In 1999, Disney perfected the adventure and fun of Tarzan by transitioning from the man of the jungle from swinging on vines to surfing tree branches. What could possibly be accomplished from live-action adaptation The Legend of Tarzan that wasn’t already delivered in animation?
While director David Yates doesn’t exactly make Tarzan’s tree hopping all that original, he does delivers a welcome alternative take on the hero. It still ends up being popcorn entertainment, but not as generic as I expected.
What helps makes this version of Tarzan so much different than previous incarnations is how the picture glazes over the origins, which are reduced to short flashbacks. The Tarzan we meet in the 19th century, played by a buff Alexander Skarsgård, is a domesticated chap, uprooted from the jungle to trade in his loincloth and tree house for a suit and a castle. He finds himself being called back to the Congo on business, reluctant to return for the enemies he has made.
Tarzan’s wife Jane (Margot Robbie) is ecstatic to return and George Washington Williams (Samuel L. Jackson) is eager to tag along to expose the slavery issue of the country. But when the corrupt Belgian envoy Leon Rom (Christoph Waltz) kidnaps Jane in exchange for Tarzan, it’s time for the muscle-bound jungle man to rip off his shirt, grab a vine and smack around some bad guys.
For an adventure movie that takes place in the Congo with native tribes, violent gorillas and sneering soldiers, it’s a project that could have easily gone south. Surprisingly, however, Tarzan narrowly avoids these pitfalls that could have made the movie condemnable. Every enemy Tarzan faces has a history and every action has a purpose to the point of actually saying something about slavery and the ravaging of civilizations.
But in trying to make the picture safe, Yates appears to have inoculated some of the spirit. This doesn’t exactly make the picture fall apart, but it does hold it back from being a grand epic as it favors a more standard adventure that’d fit right at home in the late 1990’s.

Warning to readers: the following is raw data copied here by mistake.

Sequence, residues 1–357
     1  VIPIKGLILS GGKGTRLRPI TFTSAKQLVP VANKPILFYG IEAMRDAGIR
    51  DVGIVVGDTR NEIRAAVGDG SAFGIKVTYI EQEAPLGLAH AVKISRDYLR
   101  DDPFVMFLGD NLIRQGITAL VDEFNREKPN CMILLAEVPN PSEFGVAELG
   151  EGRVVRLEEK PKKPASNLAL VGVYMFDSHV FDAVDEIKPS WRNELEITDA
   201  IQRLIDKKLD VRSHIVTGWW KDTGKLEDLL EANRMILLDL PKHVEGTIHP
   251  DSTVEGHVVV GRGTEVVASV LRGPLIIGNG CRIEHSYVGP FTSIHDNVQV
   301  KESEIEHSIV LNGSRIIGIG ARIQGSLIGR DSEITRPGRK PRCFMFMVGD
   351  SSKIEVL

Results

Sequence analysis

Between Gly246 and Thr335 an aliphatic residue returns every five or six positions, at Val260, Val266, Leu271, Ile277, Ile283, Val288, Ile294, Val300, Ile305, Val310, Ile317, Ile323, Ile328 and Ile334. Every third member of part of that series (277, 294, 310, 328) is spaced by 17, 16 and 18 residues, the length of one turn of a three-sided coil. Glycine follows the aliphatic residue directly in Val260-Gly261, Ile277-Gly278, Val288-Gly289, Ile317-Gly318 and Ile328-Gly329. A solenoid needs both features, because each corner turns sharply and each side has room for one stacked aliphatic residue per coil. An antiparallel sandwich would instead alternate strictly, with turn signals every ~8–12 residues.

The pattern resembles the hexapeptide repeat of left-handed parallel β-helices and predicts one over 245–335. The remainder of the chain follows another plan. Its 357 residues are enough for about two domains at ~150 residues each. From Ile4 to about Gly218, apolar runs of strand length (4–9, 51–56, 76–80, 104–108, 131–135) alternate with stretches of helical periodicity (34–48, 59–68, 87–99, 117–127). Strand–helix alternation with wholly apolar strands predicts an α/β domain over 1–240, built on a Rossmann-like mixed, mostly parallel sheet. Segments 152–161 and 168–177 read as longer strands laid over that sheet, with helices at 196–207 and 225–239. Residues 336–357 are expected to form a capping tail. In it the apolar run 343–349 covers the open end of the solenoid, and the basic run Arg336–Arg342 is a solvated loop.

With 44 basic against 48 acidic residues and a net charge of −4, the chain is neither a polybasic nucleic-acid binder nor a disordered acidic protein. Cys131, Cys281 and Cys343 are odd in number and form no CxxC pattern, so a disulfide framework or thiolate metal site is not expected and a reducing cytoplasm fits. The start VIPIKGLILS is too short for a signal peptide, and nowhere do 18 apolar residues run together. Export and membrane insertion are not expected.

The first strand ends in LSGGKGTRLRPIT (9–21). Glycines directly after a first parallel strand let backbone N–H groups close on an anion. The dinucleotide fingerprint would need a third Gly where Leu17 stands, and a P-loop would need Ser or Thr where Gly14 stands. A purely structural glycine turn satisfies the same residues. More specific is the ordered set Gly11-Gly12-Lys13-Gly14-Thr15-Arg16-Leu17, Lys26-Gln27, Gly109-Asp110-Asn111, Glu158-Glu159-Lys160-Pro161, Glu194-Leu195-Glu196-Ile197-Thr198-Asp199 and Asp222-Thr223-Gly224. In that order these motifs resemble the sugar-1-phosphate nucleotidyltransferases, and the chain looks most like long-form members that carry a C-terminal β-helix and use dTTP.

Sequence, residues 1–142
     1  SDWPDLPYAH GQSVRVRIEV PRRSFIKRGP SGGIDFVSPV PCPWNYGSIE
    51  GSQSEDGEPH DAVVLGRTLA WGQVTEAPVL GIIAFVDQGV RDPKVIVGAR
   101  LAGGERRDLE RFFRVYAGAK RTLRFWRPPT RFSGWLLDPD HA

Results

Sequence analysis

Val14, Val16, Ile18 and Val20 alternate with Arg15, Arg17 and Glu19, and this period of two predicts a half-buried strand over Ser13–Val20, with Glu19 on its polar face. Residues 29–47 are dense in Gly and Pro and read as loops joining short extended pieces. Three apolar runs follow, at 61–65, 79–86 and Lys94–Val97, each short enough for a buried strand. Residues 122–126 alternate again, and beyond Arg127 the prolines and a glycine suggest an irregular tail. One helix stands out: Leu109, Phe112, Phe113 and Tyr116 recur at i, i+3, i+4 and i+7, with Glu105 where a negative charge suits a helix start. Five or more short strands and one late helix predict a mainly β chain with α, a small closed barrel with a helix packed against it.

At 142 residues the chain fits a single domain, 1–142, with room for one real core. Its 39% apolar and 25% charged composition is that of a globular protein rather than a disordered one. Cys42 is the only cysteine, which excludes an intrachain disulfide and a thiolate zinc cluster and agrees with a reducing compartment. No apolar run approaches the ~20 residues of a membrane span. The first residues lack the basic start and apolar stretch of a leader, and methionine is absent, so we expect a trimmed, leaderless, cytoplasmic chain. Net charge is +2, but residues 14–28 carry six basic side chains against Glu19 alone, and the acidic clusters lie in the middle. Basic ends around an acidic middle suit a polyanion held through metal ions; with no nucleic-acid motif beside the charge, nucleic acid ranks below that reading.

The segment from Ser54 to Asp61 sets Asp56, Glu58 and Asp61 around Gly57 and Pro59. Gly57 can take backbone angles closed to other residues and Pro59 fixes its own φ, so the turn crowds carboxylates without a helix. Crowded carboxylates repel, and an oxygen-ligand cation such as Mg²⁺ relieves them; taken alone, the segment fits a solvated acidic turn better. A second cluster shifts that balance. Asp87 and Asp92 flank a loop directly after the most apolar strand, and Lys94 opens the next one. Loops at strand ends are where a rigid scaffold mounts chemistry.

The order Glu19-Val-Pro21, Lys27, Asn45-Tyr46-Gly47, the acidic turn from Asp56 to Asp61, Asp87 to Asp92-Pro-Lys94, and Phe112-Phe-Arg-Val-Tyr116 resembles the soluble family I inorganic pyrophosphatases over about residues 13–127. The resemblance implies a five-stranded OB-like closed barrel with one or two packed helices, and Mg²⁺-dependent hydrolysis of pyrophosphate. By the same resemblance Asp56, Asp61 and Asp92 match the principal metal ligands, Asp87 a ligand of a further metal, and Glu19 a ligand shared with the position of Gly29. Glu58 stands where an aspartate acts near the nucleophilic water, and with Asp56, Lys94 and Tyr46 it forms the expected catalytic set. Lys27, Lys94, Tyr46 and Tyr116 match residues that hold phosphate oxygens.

That being said, it’s a standard adventure with a few surprises along the way. Perhaps the most positive trait of The Legend of Tarzan is how much it pulls back from plot elements that could have gone awry. In particular, the origin is light on length and dark in presence, offering up the essential cliff notes that most moviegoers are familiar with by this point.
The overall plot is established quickly with a few opening exposition titles, a thrilling action sequence and a clear statement of Leon’s goal to trade Tarzan to a tribe for diamonds to build his army. Tarzan and Jane have been trying to have a child, but have been unsuccessful. This is only alluded to twice in the picture and never reaches the expected point where Jane discovers she’s pregnant amid the action. And the trademark call of Tarzan is understated enough to prevent it from being seen as too ridiculous.
The cast is all very solid as well. Alexander Skarsgård and Margot Robbie have real chemistry as an on-screen couple that has a history and a passion for each other. Samuel L. Jackson provides the comic relief as the wisecracking, gun-toting sidekick with a handful of amusing scenes. He’s a slight miscast in terms of setting, but a decent addition for some simple laughs. Christoph Waltz usually hams up his villain roles with that devilish grin and giddy attitude, but he appears subtler in this role hiding behind a mustache.
It can be seen as a waste of Waltz, but I can’t blame the director for trying to find more than just the usual cackler of such an antagonist. Armed with a rosary made out of spider silk, he’s a capable enough villain to battle Tarzan and present a threat to those around him. Lastly, Djimon Hounsou plays a tribal elder that may only be a secondary villain, but he proves once more why he’s THE guy you need as a secondary villain.
Read more to watch the trailer for The Legend of Tarzan: